Selling rarely comes easily. Customers almost never say, “I’ll take it!” after you give them that first overview of what you do. There are always questions and concerns. Those questions have to be answered and those concerns have to be addressed. When someone is proposing something to me, I like my questions and concerns to be tackled in a pleasant, positive way. Tell me how this will make my life better. Tell me why it’s worth the money. Tell me why it’s better than the other guy’s widget.
But please—please!—don’t try and scare me. I hate it when people try and scare me. Don’t whisper in my ear about the bad things that will happen if I don’t buy. I’m not interested in hearing about an apocalyptic scenario that will likely never happen. Do tell me about the good things that will definitely happen if I do buy.
The scare tactic brings a bad vibe to the conversation. It’s unpleasant and people don’t like spending money when things feel unpleasant.
It also smacks of desperation. The way I see it, if a salesperson is resorting to trying to scare me, they’ve exhausted all the positive things to say about their product or service. That makes me think their offering doesn’t have that many great qualities to start with.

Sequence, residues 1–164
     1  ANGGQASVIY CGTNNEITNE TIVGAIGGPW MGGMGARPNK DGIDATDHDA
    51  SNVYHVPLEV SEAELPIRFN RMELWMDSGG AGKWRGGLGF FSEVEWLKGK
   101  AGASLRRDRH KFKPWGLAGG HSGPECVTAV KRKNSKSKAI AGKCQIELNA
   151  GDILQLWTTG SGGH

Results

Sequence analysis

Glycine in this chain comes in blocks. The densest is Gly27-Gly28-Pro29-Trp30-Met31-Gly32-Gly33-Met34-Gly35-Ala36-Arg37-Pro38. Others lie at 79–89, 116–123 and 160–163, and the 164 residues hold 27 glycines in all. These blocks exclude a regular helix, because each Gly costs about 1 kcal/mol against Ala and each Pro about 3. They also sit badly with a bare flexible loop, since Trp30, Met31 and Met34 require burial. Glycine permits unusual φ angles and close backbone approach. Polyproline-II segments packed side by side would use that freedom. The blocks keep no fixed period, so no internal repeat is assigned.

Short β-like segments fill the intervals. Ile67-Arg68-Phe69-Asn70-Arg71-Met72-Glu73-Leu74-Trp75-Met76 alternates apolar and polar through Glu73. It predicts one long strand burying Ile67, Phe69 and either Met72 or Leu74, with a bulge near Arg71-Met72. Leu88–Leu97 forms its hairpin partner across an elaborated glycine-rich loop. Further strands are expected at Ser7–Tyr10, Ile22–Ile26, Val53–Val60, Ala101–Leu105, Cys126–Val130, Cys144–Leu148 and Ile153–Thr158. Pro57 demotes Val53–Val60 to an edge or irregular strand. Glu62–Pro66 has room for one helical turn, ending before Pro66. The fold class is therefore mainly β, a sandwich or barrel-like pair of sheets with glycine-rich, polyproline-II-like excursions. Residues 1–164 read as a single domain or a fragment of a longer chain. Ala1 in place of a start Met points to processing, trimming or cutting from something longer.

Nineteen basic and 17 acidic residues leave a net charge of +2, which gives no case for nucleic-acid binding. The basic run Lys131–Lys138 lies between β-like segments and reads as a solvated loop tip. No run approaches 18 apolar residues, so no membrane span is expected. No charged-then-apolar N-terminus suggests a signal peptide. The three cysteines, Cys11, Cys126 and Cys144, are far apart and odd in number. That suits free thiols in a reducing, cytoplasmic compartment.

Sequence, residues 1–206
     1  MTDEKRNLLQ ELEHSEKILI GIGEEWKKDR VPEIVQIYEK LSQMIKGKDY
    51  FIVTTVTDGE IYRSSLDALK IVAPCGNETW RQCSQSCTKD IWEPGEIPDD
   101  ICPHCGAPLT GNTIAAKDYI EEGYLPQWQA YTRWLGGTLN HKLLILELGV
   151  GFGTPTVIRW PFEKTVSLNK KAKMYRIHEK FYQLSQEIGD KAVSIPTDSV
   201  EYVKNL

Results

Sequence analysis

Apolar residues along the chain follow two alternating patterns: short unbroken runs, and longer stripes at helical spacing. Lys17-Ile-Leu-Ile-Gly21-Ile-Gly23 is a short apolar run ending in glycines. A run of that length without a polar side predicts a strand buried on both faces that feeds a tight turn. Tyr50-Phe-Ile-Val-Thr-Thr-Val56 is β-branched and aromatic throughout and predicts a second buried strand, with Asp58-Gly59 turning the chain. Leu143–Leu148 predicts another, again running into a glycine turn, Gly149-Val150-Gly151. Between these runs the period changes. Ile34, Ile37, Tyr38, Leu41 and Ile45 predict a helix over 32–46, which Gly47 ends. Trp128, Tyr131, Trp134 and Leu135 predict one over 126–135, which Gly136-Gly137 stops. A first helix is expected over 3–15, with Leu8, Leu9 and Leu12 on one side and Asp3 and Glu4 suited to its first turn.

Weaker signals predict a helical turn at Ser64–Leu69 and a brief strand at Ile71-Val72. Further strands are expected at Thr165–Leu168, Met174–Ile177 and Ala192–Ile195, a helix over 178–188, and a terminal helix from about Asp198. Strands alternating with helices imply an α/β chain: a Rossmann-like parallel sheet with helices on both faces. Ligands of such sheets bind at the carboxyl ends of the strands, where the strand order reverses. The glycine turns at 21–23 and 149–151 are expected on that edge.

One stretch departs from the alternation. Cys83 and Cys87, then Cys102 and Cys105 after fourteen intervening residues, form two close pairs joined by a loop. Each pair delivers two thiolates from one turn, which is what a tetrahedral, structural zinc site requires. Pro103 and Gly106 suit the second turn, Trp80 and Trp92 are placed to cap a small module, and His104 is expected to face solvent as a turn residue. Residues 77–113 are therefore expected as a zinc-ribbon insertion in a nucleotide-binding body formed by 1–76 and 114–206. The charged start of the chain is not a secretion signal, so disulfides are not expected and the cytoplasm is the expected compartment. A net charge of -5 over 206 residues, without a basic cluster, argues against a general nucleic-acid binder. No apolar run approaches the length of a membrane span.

Scare tactics also get me feeling defensive. When a salesman tries to scare me, I immediately feel a strong urge to challenge them. When I got a new car a few years also, the finance guy who wrote up my lease (masters of the scare tactic) tried to sell me the extra wear and tear coverage. It was like $800. When I declined, he threw in a scare tactic and I went into challenge mode:
Him: “But if you don’t take this, and your tires wear out, you’ll have to get new runflat tires and that will cost you way more than $800.”
Me: “There’s no way I’m wearing those tires out.”
Him: “But you’ll have the car for four years…”
Me: “You’ll notice that I checked the low mileage option. That’s because I don’t drive a lot. There’s no way I’m going to wear those tires out with that kind of mileage. Not going to happen.”
Him: “Yeah, you’re right.”
No kidding I’m right.
He didn’t sell the extra coverage and I left with a bit of a bad taste in my mouth. I know he’s doing the job, but it’s still not cool. Cars are expensive. Make it fun to buy them. Sell me on pride of ownership, not fear of ownership. Don’t throw in some sour grapes at the last step and leave me with a bad feeling just as I’m signing on the dotted line.
I don’t know what situation would warrant a scare tactic. Maybe if you never, ever plan on seeing a customer again after a sale, then it’s a good idea to scare the lead if you think the sale would otherwise not happen. For every other situation—and let’s be honest, even that one—be pleasant. Sell concrete benefits, not the supposed ramifications of inaction.